Many sales people will not make changes unless they are made to feel uncomfortable.

EXAMPLE - If your team feels comfortable forecasting numbers below their quota, or reporting numbers below their forecast they will continue to do so. Unfortunately, that means you must be able, when necessary, to make them feel so uncomfortable that they would rather do anything other than report bad numbers. They must feel that doing the hard work, or prospecting, or telemarketing etc, is the more comfortable option.

If you have something to say to an employee, say it. If you just attended an appointment with them and they did something that you did not like just tell them. The same integrity and honesty you have coached them to use and elicit from their customers must be uppermost in your coaching of them.

If you know they will be disheartened or disappointed with your feedback use that to your advantage. You will probably have a temptation to make them feel better. That is exactly the wrong thing to do, at least initially. Most people only make changes when they feel a certain level of discomfort - how can you make them feel that discomfort if you start the coaching session by telling them how good they are at a different aspect of their job?

You should be coaching them to bottom-line the conversations they have with their customers, to get to the point, to ensure they set the tone for the relationship. Their one-on-one or coaching session needs to be conducted in an identical manner - it is the most effective way to make your point and can be used as an example of how they should be interacting with their customers.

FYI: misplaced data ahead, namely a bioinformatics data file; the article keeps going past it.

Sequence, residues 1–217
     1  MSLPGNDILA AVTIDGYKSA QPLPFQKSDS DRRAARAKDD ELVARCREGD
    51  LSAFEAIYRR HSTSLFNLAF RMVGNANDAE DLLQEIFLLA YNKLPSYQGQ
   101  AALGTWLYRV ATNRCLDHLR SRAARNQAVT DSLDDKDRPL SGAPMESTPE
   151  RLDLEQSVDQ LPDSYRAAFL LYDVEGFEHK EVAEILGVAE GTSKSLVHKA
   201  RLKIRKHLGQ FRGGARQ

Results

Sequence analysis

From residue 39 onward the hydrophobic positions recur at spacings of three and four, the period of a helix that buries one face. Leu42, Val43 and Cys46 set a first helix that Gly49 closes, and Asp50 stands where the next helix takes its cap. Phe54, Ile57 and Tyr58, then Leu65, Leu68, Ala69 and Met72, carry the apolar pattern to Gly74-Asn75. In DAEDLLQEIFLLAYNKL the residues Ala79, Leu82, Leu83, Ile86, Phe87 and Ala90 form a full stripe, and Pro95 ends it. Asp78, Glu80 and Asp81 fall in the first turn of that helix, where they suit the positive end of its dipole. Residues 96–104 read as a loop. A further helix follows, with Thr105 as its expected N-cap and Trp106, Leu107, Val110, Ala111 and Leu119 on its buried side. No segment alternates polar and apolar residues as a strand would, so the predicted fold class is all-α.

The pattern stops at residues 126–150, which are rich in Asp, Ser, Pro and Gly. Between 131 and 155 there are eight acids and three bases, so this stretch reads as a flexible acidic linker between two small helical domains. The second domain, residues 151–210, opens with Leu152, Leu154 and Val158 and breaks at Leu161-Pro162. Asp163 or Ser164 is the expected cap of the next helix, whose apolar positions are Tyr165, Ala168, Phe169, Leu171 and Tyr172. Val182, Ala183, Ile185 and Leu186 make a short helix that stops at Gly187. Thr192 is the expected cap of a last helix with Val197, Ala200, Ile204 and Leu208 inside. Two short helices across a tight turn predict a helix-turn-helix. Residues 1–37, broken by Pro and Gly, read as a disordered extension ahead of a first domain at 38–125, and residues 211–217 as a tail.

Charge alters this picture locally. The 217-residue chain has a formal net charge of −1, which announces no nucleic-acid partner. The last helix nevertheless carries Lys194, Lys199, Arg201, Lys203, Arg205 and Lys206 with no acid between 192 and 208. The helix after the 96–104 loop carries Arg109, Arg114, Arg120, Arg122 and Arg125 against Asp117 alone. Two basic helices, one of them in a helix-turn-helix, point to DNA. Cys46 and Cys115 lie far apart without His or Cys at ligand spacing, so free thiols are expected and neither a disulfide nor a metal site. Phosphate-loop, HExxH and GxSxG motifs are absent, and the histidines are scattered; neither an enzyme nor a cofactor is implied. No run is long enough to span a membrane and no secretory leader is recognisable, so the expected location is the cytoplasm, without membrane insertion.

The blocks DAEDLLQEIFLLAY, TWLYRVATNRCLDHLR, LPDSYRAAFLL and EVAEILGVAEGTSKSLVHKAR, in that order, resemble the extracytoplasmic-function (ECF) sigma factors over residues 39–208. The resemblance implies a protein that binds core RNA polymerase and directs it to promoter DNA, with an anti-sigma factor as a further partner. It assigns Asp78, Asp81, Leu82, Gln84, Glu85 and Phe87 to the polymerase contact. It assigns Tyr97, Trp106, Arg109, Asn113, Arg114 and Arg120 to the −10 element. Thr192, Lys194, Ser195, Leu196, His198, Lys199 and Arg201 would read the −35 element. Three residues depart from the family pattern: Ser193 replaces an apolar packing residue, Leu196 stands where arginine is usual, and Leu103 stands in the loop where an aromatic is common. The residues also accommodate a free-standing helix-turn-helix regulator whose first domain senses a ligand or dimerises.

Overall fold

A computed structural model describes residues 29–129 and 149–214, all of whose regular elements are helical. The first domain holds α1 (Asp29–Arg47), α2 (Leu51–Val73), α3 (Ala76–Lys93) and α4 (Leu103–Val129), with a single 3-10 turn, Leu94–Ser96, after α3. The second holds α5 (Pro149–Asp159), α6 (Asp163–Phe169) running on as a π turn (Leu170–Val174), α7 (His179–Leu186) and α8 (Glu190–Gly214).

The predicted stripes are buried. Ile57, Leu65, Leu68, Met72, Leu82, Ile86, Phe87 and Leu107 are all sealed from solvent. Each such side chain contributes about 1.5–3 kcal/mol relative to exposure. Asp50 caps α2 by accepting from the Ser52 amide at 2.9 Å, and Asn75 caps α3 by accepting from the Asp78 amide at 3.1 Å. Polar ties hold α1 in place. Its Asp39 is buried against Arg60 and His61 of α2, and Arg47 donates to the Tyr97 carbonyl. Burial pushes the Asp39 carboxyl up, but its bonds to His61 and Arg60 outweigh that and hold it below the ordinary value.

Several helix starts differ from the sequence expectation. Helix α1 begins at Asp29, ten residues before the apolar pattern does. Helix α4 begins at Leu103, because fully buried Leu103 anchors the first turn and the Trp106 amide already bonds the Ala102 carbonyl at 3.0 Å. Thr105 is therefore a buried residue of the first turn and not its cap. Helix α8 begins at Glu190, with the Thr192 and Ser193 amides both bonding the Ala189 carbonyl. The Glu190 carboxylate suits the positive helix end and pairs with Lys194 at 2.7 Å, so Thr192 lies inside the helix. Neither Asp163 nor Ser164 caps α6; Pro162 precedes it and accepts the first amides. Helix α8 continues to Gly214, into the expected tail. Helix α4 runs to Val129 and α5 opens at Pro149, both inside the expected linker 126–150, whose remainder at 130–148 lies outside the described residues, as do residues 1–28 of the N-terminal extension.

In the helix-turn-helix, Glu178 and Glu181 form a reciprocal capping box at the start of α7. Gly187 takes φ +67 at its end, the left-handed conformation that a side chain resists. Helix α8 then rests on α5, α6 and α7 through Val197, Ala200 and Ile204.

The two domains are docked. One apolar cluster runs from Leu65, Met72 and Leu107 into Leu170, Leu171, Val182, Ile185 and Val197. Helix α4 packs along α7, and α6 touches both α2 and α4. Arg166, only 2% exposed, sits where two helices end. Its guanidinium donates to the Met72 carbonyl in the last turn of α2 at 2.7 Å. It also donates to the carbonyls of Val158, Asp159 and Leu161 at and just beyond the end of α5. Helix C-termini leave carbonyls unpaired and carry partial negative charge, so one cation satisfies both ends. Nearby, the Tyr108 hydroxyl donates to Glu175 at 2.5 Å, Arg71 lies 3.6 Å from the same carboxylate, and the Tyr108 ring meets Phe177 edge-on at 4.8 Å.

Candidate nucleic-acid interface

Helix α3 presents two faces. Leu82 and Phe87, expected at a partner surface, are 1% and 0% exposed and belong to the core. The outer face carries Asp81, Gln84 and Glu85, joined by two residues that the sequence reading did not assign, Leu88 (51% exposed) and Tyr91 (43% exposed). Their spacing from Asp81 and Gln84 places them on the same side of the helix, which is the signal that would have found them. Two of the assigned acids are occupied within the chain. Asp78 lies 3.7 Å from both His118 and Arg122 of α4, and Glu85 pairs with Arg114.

Let us, for sake of argument, say you need to explain that they talked all over the customer and failed to use their ears and mouth in the ratio they have been provided on their head. Above anything else avoid starting the conversation off by trying to make them feel comfortable - "John, the agenda you set was very good, you got there on time, you sounded professional and ended the meeting well". The entire time you are trying to make yourself feel better about the coaching you need to deliver AND MAKE NO MISTAKE, YOU ARE TRYING TO MAKE YOURSELF FEEL BETTER, John is thinking "Okay, it must be bad if he waffling this much before telling me what I did wrong".

If there is no way I can convince to completely do away with the "touchy feely" comments, then at least put them at the end of your meeting. In the same way all sales meetings must always start with the "numbers" coaching sessions must start with the reason for the coaching.

Trust me, and please learn from my mistakes, doing it any other way simply dilutes the coaching. Your employee must leave the session with a clear understanding of what happened, what could have been done better and some tips on how to do it better next time. They should fully understand how making the change will help them sell more, they must feel grateful for your honesty and - where necessary, must feel that no matter how hard it may be for them to change it is a lot more desirable than having to explain to you why they have not made the change.

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